Egypt prepares to finalise plans for their first nuclear power plant but opposition from a developer puts the project at risk.
Egypt's nuclear plans threatened
CAIRO // As Egypt's government prepares to finalise plans for the country's first nuclear power plant by the end of this year, opposition from a prominent tourism developer risks scuttling the project. But if the proposed site at Al Dabaa, a remote strip of desert coast about 140km west of Alexandria, does not receive final approval by the end of this year as planned, it could spell the end of Egypt's nascent civil nuclear energy plans and the beginning of an energy crisis, said Mohamed Mounir Megahed, the vice chairman for the Nuclear Power Plants Authority.
"Those people who would [oppose] Al Dabaa are occupied by greed. There is no other reason," said Mr Megahed. "We reached this situation after thorough investigation and after extensive work and a lot of money. If we give this away, we will liquidate the nuclear power programme. Period." Ibrahim Kamel, the chairman of Kato Investment company and a member of the ruling National Democratic Party's (NDP) General Secretariat, has emerged as the leading opponent to the project's proposed location on the Mediterranean Coast. Such a facility would mar the natural beauty of one of Egypt's most precious tourist attractions, he said. Mr Kamel's opposition to the proposed site at Al Dabaa has outraged parliamentarians and energy planners, who said he is putting personal profits ahead of Egypt's national energy priorities.
Mr Kamel already owns a private airport and a hotel about two kilometres from the reactor's proposed location, and he is planning to build another five hotels in the project's vicinity. "What I am questioning is the choice of the site ... Our North Coast is a gift of God that was given to Egypt ... we have some wonderful beaches, we have excellent weather all year round, and it is only a short distance away from Europe," said Mr Kamel, who added that Egypt could attract far more tourists if the Mediterranean coast were properly developed. "In my own judgement, we should focus on creating the best - and here I mean the best - facilities for tourism on our north shore."
But Mr Kamel's objections come at a critical moment. Energy planners worry that the demands of Egypt's rising population and diminishing fuel resources will collide within the next 10 to 30 years. Egypt's estimated 80 million people consumed 85.8 million megawatt hours of electricity in the 2004-2005 fiscal year, marking a 33 per cent increase from the 64.6 million MW/h they consumed in 2000-2001, according to official government statistics.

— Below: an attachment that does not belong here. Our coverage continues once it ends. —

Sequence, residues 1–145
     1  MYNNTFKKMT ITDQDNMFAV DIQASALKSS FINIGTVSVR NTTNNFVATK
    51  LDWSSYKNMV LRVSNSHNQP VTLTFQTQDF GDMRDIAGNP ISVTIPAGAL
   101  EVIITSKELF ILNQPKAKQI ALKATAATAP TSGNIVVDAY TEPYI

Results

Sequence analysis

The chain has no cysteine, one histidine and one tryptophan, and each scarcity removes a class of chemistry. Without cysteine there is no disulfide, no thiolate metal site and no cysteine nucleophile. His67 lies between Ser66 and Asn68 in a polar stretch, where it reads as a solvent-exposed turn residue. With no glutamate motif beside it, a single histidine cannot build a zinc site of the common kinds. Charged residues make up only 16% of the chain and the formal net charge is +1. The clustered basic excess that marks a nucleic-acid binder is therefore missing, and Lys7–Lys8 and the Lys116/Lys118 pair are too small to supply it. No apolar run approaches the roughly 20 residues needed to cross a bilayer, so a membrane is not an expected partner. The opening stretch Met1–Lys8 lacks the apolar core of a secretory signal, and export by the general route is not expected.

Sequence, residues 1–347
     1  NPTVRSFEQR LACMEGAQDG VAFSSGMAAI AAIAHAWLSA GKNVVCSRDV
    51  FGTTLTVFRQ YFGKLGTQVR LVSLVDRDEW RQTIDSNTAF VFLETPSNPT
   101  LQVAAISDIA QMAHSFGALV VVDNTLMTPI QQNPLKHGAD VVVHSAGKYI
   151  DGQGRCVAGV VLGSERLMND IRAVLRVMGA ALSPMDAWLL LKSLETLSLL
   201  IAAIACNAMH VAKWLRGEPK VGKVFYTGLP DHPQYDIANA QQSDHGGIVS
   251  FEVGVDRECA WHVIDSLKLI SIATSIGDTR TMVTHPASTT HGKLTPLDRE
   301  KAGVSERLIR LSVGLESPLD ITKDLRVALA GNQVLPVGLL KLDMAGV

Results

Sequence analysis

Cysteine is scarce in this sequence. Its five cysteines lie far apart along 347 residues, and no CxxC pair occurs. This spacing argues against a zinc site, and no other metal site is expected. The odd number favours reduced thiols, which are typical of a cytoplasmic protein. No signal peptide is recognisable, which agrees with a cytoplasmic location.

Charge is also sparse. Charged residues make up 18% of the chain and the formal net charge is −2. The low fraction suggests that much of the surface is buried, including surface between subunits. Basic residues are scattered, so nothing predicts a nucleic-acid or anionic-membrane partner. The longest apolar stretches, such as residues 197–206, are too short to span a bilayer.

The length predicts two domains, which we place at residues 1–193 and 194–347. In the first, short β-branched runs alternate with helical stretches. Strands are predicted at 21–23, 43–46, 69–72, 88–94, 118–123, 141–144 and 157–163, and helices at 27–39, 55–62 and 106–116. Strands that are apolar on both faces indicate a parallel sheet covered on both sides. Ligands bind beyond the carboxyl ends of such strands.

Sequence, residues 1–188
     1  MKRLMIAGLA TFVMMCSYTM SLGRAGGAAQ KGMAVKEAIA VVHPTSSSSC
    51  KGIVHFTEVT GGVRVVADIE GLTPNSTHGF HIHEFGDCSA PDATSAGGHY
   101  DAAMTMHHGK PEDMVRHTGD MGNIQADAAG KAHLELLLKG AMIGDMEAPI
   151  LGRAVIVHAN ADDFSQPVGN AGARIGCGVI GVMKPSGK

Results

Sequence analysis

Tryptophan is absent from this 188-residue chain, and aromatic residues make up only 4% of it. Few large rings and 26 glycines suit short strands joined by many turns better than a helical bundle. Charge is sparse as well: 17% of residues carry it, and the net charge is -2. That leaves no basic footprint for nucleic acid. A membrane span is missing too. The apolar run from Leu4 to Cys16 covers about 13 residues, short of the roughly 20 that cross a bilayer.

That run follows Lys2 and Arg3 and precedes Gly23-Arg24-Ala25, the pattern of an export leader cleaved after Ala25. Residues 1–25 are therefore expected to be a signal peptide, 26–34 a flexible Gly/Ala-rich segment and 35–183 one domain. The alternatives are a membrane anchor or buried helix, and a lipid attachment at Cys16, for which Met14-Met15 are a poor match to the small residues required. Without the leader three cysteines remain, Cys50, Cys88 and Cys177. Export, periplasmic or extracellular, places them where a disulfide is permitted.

About 75 per cent of that electricity came from natural gas in 2005, according to the US Energy Information Administration. That resource was largely undeveloped until the government opened it to foreign investors in the late 1990s, but it is expected to become entirely depleted within the next 30 years. Egypt's oil reserves - another significant source of energy - may disappear within 15 years. "We have abundant resources, more or less, but within 10 to 30 years, all of these resources will be finished. What can we do?" said Yassin Ibrahim, the executive chairman of the Nuclear Power Plants Authority.
The answer, according to Egypt's ruling party, is to go nuclear. In September 2006, Gamal Mubarak, the son of Egypt's president, Hosni Mubarak, and the secretary of the NDP's Policies Committee, announced that the government will take old nuclear plans dating back to the 1980s off the shelf. Those plans - which had already pinpointed the Al Dabaa site as the best possible location for a nuclear facility - had been shelved in 1986 following the deadly Chernobyl nuclear meltdown in the Soviet Union. Added to the new initiative was a commitment that Egypt would generate 20 per cent of its electricity through renewable energy sources such as nuclear, wind and water power by 2020.
The fact that Al Dabaa has already survived the lengthy, expensive review process required to build a nuclear power plant makes its candidacy quite handy. Choosing and purchasing a different site would require years of additional costs and delays - circumstances that Mr Megahed said would effectively kill the programme. The Egyptian government has hired an international consulting firm to review the Al Dabaa site's suitability based on the latest standards. The consulting firm expects to file a thorough report by the end of this year.
But for Mr Kamel, who acknowledges that he is not an expert on nuclear energy, the Al Dabaa site could present a danger for Cairo and Alexandria, which he says are downwind of the proposed location. The government is in the process of examining five other sites for future nuclear power plants after Al Dabaa, said Mr Kamel. Any of those sites could serve as a potential alternative. "Whatever the government's decision will be on this, I will support it," said Mr Kamel, who rejected the implications of nuclear officials and members of parliament that his opposition stems from personal greed.
"As a citizen, I insist on making the point loud and clear that the North Coast is a gold-mine for the country and it should be developed." But as Egypt stares at a darker future and plans for Al Dabaa proceed apace, Mr Kamel may be finding fewer friends in powerful places. The chairman of the energy committee in the Shura Council, Egypt's upper house of parliament, has loudly proclaimed that the project will continue above the businessman's objections, and officials at Egypt's Nuclear Power Plants Authority said they do not expect Mr Kamel to successfully halt more than three decades of careful planning.
"This is just talking. Our steps will move directly without any problems," said Aktham Abou El Ela, a spokesman for the Ministry of Electricity and Energy. "Ninety-nine per cent of parliament wants Al Dabaa as a nuclear site." email@example.com